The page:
Spine Health Center

If you suffer from pain in the neck or back, you know how debilitating it can be. Back pain is one of the most common reasons for lost work hours, but it doesn’t have to be. The Spine Health Center, part of the Orthopedic & Spine Institute at Banner – University Medical Center Phoenix, provides a comprehensive approach to the nonsurgical management of the neck and spine. 

The Spine Health Center represents a powerful collaboration between physiatrists (physicians who specialize in physical medicine and rehabilitation), physical therapists, interventionalists (physicians trained to perform minimally invasive surgical procedures) and surgeons who work together to deliver highly coordinated care for any type of back and neck pain. Our providers guide you through each step of the care process, educating you on how to best manage your spinal and back pain to improve your quality of life.

To make an appointment call (602) 521-3250.

About the Institute

The Spine Health Center, part of the Orthopedic & Spine Institute at Banner – University Medical Center Phoenix, leverages partnerships between Banner Health, the University of Arizona College of Medicine and The CORE Institute. 

At the Spine Health Center, our physicians and physical therapists evaluate you together on your first visit. They then develop a coordinated plan of care to address your specific concerns, collaborating with a variety of specialists to help you learn to take control of your neck and back pain. Referrals are often provided for:  

  • Interventional pain management
  • Acupuncture
  • Massage
  • Physical therapy
  • Psychology
  • Chiropractic care

Surgery is rarely the preferred treatment for back pain. Instead, our spine experts focus on therapies and lifestyle changes that teach you how to control and prevent back and neck pain flare ups.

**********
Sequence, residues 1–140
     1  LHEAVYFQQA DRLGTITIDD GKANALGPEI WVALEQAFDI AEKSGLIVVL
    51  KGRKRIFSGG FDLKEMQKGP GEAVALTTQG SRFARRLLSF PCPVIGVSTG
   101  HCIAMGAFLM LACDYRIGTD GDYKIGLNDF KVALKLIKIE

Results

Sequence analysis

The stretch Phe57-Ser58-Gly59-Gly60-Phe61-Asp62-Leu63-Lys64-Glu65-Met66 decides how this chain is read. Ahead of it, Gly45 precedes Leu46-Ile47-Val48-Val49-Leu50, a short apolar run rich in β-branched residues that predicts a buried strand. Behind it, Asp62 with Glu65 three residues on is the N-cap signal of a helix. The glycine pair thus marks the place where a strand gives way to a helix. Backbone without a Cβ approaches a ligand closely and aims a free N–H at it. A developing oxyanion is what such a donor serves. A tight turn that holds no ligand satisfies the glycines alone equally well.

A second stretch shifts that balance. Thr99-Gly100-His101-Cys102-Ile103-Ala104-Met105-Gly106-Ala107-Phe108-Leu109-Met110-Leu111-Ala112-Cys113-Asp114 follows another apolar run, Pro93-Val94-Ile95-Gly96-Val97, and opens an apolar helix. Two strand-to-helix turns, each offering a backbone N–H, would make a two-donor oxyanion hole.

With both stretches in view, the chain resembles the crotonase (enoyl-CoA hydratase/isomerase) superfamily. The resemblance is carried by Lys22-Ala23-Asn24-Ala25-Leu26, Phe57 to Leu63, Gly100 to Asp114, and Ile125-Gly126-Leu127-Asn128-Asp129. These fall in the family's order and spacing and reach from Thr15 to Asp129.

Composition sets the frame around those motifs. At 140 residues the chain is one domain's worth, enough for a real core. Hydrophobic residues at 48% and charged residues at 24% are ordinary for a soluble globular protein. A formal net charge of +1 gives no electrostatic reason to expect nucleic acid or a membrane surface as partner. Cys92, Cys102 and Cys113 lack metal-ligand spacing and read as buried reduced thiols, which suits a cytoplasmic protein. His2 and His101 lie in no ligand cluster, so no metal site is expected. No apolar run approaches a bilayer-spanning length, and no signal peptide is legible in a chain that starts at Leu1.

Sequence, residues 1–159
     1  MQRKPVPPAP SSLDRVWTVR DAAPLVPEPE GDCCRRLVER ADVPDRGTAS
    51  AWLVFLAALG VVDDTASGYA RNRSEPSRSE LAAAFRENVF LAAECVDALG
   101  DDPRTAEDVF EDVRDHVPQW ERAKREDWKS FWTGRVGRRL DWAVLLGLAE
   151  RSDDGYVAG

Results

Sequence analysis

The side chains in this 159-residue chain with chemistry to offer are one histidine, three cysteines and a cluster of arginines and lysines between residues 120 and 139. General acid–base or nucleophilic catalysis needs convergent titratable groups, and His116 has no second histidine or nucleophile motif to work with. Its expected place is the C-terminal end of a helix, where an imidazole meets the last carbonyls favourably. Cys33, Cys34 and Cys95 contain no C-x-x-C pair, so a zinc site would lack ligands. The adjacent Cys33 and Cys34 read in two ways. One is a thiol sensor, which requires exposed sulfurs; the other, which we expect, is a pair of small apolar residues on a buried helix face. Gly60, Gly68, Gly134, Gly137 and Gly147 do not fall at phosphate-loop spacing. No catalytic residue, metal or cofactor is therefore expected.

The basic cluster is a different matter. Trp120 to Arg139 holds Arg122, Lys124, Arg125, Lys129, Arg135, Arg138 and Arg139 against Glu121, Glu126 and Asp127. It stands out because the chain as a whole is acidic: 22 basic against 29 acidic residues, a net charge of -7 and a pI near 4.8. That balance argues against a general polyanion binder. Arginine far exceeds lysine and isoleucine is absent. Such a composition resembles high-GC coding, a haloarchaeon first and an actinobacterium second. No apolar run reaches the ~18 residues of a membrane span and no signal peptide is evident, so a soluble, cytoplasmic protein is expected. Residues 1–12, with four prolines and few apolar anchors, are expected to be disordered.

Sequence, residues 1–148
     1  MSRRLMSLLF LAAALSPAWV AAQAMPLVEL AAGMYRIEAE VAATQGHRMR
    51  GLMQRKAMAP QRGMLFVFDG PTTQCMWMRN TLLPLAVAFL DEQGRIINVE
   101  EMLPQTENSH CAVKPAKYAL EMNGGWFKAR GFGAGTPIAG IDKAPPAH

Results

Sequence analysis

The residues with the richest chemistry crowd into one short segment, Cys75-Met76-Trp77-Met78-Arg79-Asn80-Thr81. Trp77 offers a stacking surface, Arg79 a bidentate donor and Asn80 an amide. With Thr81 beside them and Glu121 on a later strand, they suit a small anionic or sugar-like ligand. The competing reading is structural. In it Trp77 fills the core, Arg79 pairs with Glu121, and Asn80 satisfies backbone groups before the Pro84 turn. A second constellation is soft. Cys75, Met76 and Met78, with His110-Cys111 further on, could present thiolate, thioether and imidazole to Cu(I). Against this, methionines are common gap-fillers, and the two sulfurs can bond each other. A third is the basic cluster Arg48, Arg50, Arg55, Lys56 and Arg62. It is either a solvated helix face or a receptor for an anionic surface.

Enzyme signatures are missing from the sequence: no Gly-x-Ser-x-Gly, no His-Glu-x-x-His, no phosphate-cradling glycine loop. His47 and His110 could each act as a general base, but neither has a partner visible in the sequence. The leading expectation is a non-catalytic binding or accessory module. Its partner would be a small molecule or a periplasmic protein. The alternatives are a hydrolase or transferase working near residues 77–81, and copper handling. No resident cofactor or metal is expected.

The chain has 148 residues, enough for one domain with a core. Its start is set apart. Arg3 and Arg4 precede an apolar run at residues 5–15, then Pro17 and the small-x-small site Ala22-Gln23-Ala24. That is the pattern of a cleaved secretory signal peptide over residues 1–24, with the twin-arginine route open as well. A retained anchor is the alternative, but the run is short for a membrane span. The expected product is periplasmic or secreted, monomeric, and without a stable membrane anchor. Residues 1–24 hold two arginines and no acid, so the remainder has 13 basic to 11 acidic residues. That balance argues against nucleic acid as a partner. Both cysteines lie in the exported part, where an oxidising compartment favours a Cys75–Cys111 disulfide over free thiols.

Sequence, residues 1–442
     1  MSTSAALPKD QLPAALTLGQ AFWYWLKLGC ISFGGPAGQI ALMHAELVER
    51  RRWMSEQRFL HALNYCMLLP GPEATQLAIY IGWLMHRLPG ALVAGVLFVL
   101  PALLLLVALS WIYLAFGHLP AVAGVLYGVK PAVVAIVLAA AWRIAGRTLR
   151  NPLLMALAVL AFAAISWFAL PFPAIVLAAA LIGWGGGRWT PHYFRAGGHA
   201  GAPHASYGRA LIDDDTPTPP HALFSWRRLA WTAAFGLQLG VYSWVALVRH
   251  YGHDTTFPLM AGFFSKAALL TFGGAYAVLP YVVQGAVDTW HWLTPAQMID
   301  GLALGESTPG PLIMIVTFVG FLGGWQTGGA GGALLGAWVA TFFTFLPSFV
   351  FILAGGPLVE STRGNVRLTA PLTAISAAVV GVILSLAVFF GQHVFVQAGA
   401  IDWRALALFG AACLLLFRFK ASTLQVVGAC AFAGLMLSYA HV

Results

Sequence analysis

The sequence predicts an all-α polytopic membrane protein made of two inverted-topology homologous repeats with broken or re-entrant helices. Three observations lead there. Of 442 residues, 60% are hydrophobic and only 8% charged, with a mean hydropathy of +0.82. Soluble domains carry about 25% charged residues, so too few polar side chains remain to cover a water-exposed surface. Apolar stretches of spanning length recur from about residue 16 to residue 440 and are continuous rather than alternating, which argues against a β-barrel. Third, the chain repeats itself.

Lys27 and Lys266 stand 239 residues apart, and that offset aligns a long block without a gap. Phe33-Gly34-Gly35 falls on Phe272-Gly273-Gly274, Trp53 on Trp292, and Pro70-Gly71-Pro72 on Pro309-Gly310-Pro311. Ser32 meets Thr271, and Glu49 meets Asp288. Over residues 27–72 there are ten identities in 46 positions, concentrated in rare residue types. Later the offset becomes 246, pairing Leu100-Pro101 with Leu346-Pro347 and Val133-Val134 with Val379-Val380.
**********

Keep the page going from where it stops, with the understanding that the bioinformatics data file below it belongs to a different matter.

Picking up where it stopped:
To make an appointment call (602) 521-3250.

Institute Leadership

Center Leadership:

Michael Crincoli, MD - Center Director (interim)

Patient Education

Education is provided to patients about their individual spine health and the many myths about back pain. Our spine experts teach patients how manage their spinal health to prevent further intervention and reduce their pain.


The University of Arizona, in coordination with Banner – University Medicine, conducts a variety of research studies and clinical trials to support a commitment to improving patient care. As a patient at Banner – University Medical Center, you may be eligible to participate, meaning you’ll have access to new treatments which may not yet be available to the public.

Fellowship and Residency Programs

Orthopedic residency program
Hand, upper extremity and microsurgery fellowship

Health and Prevention

Most back and neck pain can be controlled and even prevented by understanding the risk factors and living a healthy lifestyle. Let’s debunk a few common myths about back pain.

  • Bed rest – Prolonged bed rest or inactivity is associated with worse outcomes for chronic low back pain. Be active.
  • There’s nothing I can do – With the right education and regular exercise, you can control your back pain and reduce the incidence of flare ups.
  • Pain medications – Long term pain medication is not the answer to back pain as it promotes dependence and other side effects.
  • Weekend exercise is enough – Ironically weekend warriors are at high risk for back injuries. Regular and appropriate exercise is the best prescription for protecting your back and neck.
  • Posture is not important – Actually your posture greatly impacts your neck and spine. Incorrect posture and poor lifting technique can put unhealthy pressure on your spine.
  • Surgery – Surgery is not the preferred treatment for disc pain. In fact, only 5% to 10% of people with herniated discs require surgery.
  • My health does not contribute to my pain – Diabetes, smoking, high cholesterol, hypertension, cardiovascular disease and peripheral vascular disease all contribute directly to low back pain. A low fat, low sugar, high fiber diet that includes cruciferous vegetables is recommended.